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Nuclear Waste information

  1. Dec 7, 2015 #1
    Dear PF Forum,
    I'm interested in environment.
    And I want to know about nuclear power plant waste.

    In fission reaction:
    Neutron + U235 -> Kr 92 + 141 Ba + 3 free neutrons.
    What is the radioactive waste in fission power?
    Is it in the result Kr92 and 141 Barium?
    Is it in the 3 free neutrons?
    Where do those free neutrons hit? Another uranium? I read that the a large number of the neutrons are absorbed in a rod to prevent the reaction goes at geometric sequence.

    Fusion reaction:
    In fusion reaction, I read that the reaction is
    D + T -> He + 1 free neutron.
    What are the radioactive waste from fusion reaction?
    I read that Tritium is radioactive and its half life is 12 years old. But it's the fuel right, not the waste.
    Or the radioactive waste comes from the free neutron which hit the tokamak wall?

    Thanks for the explanations.

    [Edit: I read some links in internet but I haven't had a satisfactory answers.
    http://fusionforenergy.europa.eu/understandingfusion/merits.aspx
    https://en.m.wikipedia.org/wiki/Nuclear_fusion
    https://en.wikipedia.org/wiki/Nuclear_fission
    https://en.wikipedia.org/wiki/Radioactive_waste]


    [Edit: in https://en.wikipedia.org/wiki/Radioactive_waste it explains that there many radioactive waste:
    But where do they come from?
    Since the fision reaction is: Neutron + U235 -> Kr92 + Ba141]
     
  2. jcsd
  3. Dec 7, 2015 #2

    e.bar.goum

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    That's not correct. That is one channel through which 235U will fission. In reality, fission produces a range of possible fission products. For 235U, the mass distribution looks like the red curve:
    350px-ThermalFissionYield.svg.png (Credit: Wikimedia)

    For isotopes such as 234U, 237Np, 238Pu, 241Am, it's important to know that while 235U will fission in a neutron induced reaction quite a lot of the time, this isn't the only reaction that will occur. For example, 237Np is formed by successive neutron capture from 235U +2n -> 237U, which beta decays into 237Np. In addition, 237Np will form in spent fuel from 241Am, or from neutron knockout reactions from 238U or Pu. In turn, 241Am is formed. Neutron capture followed by decay is the explanation for the rest of the actinides you are asking about.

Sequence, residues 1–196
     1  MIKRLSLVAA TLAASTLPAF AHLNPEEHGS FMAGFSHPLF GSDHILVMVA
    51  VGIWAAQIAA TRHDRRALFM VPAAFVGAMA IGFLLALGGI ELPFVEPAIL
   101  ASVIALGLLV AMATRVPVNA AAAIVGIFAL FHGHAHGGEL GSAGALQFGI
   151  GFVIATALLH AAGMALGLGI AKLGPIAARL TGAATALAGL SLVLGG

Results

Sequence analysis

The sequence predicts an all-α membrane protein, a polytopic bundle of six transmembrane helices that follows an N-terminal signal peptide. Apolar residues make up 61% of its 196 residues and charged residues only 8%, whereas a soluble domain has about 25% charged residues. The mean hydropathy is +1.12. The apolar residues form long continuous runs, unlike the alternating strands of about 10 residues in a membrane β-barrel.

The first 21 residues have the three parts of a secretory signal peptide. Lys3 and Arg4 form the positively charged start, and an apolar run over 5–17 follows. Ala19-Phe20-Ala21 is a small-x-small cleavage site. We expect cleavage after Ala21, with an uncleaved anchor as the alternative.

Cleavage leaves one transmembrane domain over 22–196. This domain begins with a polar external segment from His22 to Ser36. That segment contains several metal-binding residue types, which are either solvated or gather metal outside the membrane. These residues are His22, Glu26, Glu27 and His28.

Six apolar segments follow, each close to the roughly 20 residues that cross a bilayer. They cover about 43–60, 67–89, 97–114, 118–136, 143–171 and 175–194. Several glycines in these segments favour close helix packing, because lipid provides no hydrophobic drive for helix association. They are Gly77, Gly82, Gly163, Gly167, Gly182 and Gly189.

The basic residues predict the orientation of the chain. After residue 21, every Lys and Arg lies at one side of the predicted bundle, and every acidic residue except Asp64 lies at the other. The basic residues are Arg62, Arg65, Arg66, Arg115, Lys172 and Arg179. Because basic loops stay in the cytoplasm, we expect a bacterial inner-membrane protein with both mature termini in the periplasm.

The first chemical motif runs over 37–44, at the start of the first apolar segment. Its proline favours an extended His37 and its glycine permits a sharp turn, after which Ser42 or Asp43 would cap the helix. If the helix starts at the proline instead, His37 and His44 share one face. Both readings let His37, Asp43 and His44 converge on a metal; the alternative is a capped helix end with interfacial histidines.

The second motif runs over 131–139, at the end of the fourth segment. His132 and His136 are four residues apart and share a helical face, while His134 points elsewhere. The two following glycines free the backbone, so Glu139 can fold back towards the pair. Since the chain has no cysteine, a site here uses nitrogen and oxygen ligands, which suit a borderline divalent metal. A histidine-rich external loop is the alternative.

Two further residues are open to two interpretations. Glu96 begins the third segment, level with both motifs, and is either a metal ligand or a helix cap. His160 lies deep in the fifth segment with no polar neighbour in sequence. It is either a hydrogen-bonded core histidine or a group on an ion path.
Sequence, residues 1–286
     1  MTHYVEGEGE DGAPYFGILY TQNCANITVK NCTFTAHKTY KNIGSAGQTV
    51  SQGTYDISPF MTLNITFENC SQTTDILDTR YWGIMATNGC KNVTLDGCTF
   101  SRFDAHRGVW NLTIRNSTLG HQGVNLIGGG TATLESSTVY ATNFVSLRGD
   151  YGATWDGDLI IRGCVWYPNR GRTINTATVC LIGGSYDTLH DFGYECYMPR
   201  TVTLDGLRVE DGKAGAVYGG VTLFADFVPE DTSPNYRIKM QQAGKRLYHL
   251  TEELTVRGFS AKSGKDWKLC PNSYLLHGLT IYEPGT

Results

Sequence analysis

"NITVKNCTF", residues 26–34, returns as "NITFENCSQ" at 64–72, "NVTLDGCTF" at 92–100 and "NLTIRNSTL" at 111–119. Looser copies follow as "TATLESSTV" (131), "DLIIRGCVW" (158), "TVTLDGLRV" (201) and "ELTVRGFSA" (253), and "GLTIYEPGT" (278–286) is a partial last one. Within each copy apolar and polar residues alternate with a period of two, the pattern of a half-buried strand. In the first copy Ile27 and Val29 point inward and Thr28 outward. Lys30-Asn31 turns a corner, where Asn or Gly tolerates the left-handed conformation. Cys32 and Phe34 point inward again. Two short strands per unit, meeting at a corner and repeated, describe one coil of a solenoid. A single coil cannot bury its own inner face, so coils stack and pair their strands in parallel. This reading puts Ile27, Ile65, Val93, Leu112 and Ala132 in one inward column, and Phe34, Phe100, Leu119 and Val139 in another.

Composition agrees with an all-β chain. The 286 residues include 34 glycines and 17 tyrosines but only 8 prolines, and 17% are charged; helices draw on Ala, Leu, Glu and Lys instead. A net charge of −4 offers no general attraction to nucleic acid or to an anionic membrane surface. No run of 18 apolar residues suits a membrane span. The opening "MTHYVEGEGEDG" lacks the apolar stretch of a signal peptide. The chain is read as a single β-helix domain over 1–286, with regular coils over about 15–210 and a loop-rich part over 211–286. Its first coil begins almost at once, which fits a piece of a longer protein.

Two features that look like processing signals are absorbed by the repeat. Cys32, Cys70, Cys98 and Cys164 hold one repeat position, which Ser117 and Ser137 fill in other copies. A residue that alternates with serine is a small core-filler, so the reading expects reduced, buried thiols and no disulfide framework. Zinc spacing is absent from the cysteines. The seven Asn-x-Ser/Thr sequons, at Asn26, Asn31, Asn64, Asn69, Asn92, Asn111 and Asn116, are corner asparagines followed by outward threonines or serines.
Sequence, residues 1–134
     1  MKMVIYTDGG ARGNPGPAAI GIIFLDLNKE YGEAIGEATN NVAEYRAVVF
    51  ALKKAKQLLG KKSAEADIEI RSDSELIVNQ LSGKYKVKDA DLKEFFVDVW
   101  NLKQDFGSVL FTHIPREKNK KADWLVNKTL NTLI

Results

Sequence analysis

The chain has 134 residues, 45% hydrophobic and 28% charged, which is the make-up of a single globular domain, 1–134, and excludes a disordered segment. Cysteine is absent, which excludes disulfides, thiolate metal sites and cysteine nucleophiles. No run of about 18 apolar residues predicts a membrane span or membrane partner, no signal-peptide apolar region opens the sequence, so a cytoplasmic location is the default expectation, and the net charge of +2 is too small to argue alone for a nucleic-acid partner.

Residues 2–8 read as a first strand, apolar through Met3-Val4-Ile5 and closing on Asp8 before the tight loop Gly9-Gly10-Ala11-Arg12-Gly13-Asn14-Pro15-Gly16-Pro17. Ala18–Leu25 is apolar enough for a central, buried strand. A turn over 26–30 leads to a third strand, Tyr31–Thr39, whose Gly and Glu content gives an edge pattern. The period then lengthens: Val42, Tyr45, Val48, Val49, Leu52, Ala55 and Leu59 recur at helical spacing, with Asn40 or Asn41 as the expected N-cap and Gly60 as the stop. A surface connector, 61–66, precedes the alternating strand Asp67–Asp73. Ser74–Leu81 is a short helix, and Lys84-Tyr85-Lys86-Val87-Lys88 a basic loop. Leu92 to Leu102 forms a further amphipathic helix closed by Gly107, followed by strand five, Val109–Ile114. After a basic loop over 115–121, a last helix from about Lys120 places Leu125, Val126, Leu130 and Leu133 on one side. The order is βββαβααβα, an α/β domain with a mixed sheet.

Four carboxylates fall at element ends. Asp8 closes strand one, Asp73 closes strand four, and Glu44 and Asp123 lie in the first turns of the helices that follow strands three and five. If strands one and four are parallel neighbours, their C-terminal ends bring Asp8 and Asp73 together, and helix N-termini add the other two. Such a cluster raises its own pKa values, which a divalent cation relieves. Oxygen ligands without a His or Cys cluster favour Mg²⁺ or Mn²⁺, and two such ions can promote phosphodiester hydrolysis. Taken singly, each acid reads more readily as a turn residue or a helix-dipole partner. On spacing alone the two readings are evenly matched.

The neutrons resulting from fission be moderated, thermalised, and will either hit another uranium, inducing another reaction, or will be otherwise absorbed. The key part of the running of a nuclear reactor is keeping the neutron flux to what you want it to be - too low, the reactor will stop, too high, the reactor will run away. The control rods control the neutron flux, yes.
     
  4. Dec 7, 2015 #3
    Thanks e.bar.goum
    So, that's the fission reaction waste product. I know that fission causes radioactive wastes but just don't know the process, yet.
    What actually interest me is fusion power. I read that fusion is the energy of the future (apart from the joke that in the future fussion is still the energy of the future)
    What is the radioactive waste from fusion plant (if someday it is built)?
    D +T -> He4 + free neutron.
    Is it the helium?
    What about the free neutron, does the radioactive matrial come from the free neutron hits the wall?
    If it's tritium, isn't tritium the fuel?

    Thanks for any replies.
     
  5. Dec 7, 2015 #4

    e.bar.goum

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    Yes, the fast free neutrons hitting the walls/other components and inducing nuclear reactions will be the major contribution to radioactive waste from fusion power. You can carefully choose the materials of the walls in order to minimise the impact of this waste (low n capture cross section, low lifetime). Tritium would indeed be recaptured for the fuel.
     
  6. Dec 7, 2015 #5
    So the radioactive waste comes from the wall.
    What if we made the wall from lithium for tritium breeding, so the radioactive wastes are minimized?
     
  7. Dec 7, 2015 #6

    e.bar.goum

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    There are other considerations- lithium melts at 180 C